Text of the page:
Comic Review: The Amazing Spider-Man: The Ultimate Newspaper Comics Collection HC Vol 05 1985-1986 (IDW/Marvel)

Volume Five of the Ultimate Collection, Spiderman Newspaper comics 1985-1986 brings us back to the daily comic section. Today, of course, newspapers are slimmer and have lost their ‘glimmer’. A […]

Volume Five of the Ultimate Collection, Spiderman Newspaper comics 1985-1986 brings us back to the daily comic section.

Today, of course, newspapers are slimmer and have lost their ‘glimmer’. A pale reminder of life even as recent as the mid-Eighties. This collection will lift your spirits, lift your sights, and entertain you all over again.

The stories, written by Stan Lee, are illustrated by Fred Kida, Dan Barry, and Floro Dery. Some strips are filled in by veteran Marvel artist George Tuska.

Daily and Sunday (colour) comic strip creation is a special thing, and along with its ‘specialness’ comes the challenge of continuity. To write a dramatic continuing story featuring Spiderman and its gang of supporting characters, have the story progress in daily increments, and satisfy readers is a tough assignment. What if the reader misses a week, then comes back to the strip wanting to resume reading it? Well, that’s where the writer must creatively and subtly repeat key plot points to allow the reader to get back in. (Something that modern comic book writers could take to heart, actually)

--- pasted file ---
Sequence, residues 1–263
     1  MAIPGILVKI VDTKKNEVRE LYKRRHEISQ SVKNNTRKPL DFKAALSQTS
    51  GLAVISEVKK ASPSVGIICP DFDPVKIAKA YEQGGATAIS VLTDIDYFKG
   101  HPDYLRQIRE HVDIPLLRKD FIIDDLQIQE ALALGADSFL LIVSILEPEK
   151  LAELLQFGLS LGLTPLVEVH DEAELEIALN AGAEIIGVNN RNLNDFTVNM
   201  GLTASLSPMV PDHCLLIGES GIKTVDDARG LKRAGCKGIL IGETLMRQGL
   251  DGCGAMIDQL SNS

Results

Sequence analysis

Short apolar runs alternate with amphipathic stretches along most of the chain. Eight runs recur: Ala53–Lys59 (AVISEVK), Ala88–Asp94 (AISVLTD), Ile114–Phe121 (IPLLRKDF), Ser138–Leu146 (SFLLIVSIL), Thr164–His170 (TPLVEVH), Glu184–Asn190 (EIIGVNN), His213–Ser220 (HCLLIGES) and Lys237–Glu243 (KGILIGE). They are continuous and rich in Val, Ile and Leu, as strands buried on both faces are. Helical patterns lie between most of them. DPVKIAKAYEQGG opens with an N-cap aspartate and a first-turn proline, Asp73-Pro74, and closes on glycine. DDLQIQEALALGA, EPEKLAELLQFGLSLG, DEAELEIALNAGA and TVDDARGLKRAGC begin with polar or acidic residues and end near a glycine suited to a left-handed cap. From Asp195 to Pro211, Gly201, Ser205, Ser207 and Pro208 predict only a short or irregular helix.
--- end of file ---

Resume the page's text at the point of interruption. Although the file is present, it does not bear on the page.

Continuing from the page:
The illustrations are nicely handled throughout the transition among artists, there are variations but there is no jarring impact when a new artist takes over…

There are some heavy topics in this volume: Spider-Man is accused of selling drugs! There’s a story about child abuse! It’s all a sign of the times and well explained in the foreword by Bruce Canwell.

IDW, Amazing Spider-man Ultimate Newspaper Comics, Volume 5, $49.99 for 330 pages of content, Hard Cover.

Alan Spinney

About Alan Spinney

After a career of graphic design, art direction and copywriting, I still have a passion for words and pictures. I love it when a comic book comes together; the story is tight, and the drawings lead me forward. Art with words... the toughest storytelling technique to get right. Was this comic book worth your money? Let's see!!